A comparison of the hand hygiene knowledge, beliefs and practices of Italian nursing and medical students
Article first published online: 3 JUL 2011
© 2011 Blackwell Publishing Ltd
Journal of Advanced Nursing
Volume 68, Issue 3, pages 569–579, March 2012
How to Cite
Van De Mortel, T. F., Kermode, S., Progano, T. and Sansoni, J. (2012), A comparison of the hand hygiene knowledge, beliefs and practices of Italian nursing and medical students. Journal of Advanced Nursing, 68: 569–579. doi: 10.1111/j.1365-2648.2011.05758.x
- Issue published online: 9 FEB 2012
- Article first published online: 3 JUL 2011
- Accepted for publication 26 April 2011
- hand hygiene;
- healthcare associated infection;
- medical students;
- nursing students
van de mortel t.f., kermode s., progano t. & sansoni j. (2012) A comparison of the hand hygiene knowledge, beliefs and practices of Italian nursing and medical students. Journal of Advanced Nursing68(3), 569–579.
Aim. This paper reports a study examining the hand hygiene knowledge, beliefs and practices of Italian nursing and medical students with the aim of informing undergraduate curricula.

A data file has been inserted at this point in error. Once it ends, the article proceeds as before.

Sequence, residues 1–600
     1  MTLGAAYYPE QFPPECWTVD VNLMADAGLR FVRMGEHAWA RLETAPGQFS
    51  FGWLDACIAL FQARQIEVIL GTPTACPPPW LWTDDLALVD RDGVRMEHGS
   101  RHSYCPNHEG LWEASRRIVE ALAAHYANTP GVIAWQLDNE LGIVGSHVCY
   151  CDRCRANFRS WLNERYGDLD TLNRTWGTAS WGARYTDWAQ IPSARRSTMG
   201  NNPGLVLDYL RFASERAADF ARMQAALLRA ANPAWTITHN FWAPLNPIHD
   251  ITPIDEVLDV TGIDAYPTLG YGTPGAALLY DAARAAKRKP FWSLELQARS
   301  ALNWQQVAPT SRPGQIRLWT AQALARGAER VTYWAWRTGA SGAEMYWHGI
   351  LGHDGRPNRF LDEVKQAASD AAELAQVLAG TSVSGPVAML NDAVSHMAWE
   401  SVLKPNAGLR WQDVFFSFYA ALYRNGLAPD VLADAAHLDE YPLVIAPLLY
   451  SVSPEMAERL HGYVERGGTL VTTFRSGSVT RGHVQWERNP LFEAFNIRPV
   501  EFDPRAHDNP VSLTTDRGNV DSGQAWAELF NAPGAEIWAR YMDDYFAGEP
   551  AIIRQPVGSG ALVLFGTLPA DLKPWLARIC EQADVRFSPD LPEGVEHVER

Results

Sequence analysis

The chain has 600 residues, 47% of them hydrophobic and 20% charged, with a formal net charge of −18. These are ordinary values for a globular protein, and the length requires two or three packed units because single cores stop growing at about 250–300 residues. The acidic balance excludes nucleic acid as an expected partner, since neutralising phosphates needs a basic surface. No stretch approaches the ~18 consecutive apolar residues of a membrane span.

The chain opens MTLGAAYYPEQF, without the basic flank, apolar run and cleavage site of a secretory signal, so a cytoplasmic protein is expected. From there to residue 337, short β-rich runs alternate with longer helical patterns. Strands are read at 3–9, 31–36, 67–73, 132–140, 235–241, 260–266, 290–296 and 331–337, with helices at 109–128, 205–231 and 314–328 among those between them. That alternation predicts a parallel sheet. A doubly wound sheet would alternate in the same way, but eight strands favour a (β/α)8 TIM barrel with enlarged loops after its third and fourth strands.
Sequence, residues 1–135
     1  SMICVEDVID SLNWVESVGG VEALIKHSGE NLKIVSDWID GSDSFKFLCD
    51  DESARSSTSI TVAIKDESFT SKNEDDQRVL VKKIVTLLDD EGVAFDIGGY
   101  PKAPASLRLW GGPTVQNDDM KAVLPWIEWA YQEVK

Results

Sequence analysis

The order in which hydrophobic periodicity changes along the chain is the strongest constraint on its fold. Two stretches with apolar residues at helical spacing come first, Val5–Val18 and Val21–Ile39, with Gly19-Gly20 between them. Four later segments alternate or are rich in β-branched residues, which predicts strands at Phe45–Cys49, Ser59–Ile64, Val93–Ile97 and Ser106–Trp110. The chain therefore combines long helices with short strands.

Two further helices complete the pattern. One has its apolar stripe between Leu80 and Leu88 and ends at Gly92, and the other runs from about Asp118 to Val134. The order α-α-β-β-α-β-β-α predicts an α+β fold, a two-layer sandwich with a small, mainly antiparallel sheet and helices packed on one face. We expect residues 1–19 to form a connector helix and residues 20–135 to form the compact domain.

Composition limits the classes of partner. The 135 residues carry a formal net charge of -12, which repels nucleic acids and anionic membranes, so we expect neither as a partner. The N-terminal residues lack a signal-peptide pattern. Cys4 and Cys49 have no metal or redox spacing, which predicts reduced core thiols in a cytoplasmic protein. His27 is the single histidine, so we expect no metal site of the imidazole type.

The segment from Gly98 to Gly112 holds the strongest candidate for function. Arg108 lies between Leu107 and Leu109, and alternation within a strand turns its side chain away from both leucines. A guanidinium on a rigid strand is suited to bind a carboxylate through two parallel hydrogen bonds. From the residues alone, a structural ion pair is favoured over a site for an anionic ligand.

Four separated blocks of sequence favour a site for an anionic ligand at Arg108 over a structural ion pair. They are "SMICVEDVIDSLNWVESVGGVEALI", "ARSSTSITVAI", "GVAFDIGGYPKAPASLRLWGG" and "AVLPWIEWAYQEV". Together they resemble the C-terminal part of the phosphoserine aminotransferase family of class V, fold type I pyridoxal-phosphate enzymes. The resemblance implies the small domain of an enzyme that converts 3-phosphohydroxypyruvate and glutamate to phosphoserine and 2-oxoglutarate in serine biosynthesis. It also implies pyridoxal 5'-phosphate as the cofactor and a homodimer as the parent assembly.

Background. In comparison with registered nurses, physician status is a risk factor for non-compliance with hand hygiene guidelines. Little research has been conducted to determine if differences between the professions in relation to hand hygiene are apparent at the undergraduate level. Cross-disciplinary studies that may provide an insight into this topic are lacking.
Methods. A questionnaire was administered to a convenience sample of 117 nursing and 119 medical students in a large university in Rome, Italy, to determine their hand hygiene knowledge, beliefs and practices. The data were collected in 2007–2008.
Results. Nursing students’ hand hygiene knowledge (F = 9·03(1,230); P = 0·003), percentage compliance (Z = 6·197; P < 0·001) and self-reported hand hygiene practices (F = 34·54(1,230); P < 0·001) were significantly higher than that of medical students. There were no statistically significant differences between hand hygiene beliefs. Mean scores on the knowledge questions were low for both groups, reflecting primarily a knowledge deficit in relation to the use of alcohol-based hand rubs to decontaminate hands in the healthcare setting.
Conclusion. Statistically significant disciplinary differences in hand hygiene knowledge and self-reported practices were apparent among undergraduate Italian healthcare students. Further research is needed to determine the causative factors. The overall low scores on the knowledge items indicate that these students require further education on hand hygiene, particularly in relation to the use of alcohol-based hand rubs.